The dummy activity, shown in Figure 3.8 as a dashed line, is inserted between events 2 and 3 to make
the diagram reflect the precedence between A and D. The remainder of the AOA project network for
Milwaukee Paper’s example is also shown.
Figure
3.8
Complete AOA Network
(with Dummy Activity) for
Milwaukee Paper
4
(Construct Stack)
(In
st
l
na
er ts)
t
In en
ild on
u
(B omp
C
A
(M
od
ify
Dummy Activity
B
Ro
of
F
al
lC
on
(Build Burner)
1
STUDENT TIP
The dummy activity consumes
no time, but note how it changes
precedence. Now activity D
cannot begin until both B and the
dummy are complete.
C
2
tro
ls)
E
6
H
(Inspect/Test)
7
n
tio
lu
l
o )
lP e
al vic
t
e
s
(In D
G
/F
loo
r)
3
D
(Pour Concrete/Install Frame)
5
INSIGHT c
Dummy activities are common in AOA networks. They do not really exist in the project
and take zero time.
LEARNING EXERCISE c
A new activity, EPA Approval, follows activity H. Add it to Figure 3.8.
[Answer: Insert an arrowed line from node 7, which ends at a new node 8, and is labeled I (EPA Approval).]
RELATED PROBLEMS c
3.4b, 3.6, 3.7
Determining the Project Schedule
Look back at Figure 3.7 (in Example 2) for a moment to see Milwaukee Paper’s completed
AON project network. Once this project network has been drawn to show all the activities and
their precedence relationships, the next step is to determine the project schedule. That is, we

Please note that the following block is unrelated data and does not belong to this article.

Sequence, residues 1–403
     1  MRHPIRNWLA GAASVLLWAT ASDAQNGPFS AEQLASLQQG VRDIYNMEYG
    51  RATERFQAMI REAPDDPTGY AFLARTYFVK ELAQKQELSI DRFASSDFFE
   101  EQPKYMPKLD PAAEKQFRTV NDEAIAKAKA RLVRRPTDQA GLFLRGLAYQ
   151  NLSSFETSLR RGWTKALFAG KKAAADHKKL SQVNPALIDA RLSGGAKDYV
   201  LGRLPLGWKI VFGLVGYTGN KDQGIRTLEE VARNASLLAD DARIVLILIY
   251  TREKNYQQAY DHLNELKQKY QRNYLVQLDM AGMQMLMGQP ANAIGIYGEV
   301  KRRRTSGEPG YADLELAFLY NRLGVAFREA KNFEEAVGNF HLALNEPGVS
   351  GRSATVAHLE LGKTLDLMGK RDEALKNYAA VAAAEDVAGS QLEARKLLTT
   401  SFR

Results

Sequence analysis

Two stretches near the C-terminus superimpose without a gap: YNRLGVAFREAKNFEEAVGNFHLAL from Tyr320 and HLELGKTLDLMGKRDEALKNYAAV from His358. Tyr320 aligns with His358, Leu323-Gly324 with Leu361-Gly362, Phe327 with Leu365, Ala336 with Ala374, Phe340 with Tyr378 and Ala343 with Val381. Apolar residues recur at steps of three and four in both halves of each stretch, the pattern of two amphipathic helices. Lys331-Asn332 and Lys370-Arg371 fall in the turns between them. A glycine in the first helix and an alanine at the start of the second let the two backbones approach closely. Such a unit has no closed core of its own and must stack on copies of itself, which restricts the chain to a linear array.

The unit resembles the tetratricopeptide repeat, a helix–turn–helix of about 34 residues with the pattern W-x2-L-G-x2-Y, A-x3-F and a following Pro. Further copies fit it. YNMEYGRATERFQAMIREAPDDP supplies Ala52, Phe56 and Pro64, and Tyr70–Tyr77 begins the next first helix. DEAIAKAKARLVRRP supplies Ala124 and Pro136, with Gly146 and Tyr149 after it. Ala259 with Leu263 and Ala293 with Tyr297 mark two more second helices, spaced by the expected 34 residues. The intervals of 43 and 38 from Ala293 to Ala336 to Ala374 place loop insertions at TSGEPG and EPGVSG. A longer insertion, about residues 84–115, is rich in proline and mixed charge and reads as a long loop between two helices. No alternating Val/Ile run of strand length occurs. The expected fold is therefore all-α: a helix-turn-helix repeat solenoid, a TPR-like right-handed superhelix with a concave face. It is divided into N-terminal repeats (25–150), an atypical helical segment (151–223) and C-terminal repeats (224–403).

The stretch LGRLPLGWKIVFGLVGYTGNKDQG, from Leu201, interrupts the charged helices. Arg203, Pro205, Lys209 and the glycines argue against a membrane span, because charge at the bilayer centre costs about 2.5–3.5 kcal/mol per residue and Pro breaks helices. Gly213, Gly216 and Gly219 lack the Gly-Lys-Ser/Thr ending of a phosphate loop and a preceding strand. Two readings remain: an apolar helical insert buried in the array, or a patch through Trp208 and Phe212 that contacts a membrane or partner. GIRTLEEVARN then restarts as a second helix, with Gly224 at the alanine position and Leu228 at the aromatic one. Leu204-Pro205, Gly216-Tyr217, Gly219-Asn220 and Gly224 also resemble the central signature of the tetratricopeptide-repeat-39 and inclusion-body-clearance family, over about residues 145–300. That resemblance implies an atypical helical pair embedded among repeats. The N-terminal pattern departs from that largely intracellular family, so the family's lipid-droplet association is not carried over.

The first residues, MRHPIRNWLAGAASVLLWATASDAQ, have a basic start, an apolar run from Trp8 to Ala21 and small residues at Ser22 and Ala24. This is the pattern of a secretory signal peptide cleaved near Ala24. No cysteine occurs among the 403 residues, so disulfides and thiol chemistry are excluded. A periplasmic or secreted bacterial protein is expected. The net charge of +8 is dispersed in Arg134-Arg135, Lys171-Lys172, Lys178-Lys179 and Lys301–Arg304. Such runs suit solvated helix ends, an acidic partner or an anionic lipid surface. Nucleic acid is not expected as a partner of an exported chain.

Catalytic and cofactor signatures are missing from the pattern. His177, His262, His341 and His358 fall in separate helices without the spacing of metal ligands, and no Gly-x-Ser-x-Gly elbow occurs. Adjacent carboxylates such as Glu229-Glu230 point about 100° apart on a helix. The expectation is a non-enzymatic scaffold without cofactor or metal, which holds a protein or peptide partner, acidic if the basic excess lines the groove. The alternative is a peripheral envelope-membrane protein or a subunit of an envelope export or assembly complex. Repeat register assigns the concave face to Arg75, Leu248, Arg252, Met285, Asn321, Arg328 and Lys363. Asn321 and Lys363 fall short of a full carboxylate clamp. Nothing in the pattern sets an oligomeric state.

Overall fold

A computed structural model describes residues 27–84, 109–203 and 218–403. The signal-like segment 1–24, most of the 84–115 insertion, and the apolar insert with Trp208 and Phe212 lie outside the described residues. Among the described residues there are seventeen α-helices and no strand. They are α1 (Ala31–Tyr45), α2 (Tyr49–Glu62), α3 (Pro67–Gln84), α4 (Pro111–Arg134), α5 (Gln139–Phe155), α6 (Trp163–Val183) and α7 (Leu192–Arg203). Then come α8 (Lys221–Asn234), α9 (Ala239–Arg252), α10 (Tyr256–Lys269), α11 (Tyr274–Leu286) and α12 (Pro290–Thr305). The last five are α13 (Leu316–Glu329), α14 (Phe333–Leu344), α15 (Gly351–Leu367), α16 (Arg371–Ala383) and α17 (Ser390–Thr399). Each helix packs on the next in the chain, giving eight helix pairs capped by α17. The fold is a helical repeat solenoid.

need to identify the planned starting and ending time for each activity.
Let us assume Milwaukee Paper estimates the time required for each activity, in weeks, as
shown in Table 3.2. The table indicates that the total time for all eight of the company’s activities is 25 weeks. However, because several activities can take place simultaneously, it is clear
that the total project completion time may be less than 25 weeks. To find out just how long the
project will take, we perform the critical path analysis for the network.
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Critical path analysis
A process that helps determine a
project schedule.
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TABLE 3.2
Time Estimates for Milwaukee Paper Manufacturing
ACTIVITY
STUDENT TIP
Does this mean the project will take
25 weeks to complete? No. Don’t
forget that several of the activities
are being performed at the same
time. It would take 25 weeks if they
were done sequentially.
DESCRIPTION
TIME (WEEKS)
A
Build internal components
2
B
Modify roof and floor
3
C
Construct collection stack
2
D
Pour concrete and install frame
4
E
Build high-temperature burner
4
F
Install pollution control system
3
G
Install air pollution device
5
H
Inspect and test
2
Total time (weeks)
25
As mentioned earlier, the critical path is the longest time path through the network. To find
the critical path, we calculate two distinct starting and ending times for each activity. These are
defined as follows:
Earliest start (ES) = earliest time at which an activity can start, assuming all
predecessors have been completed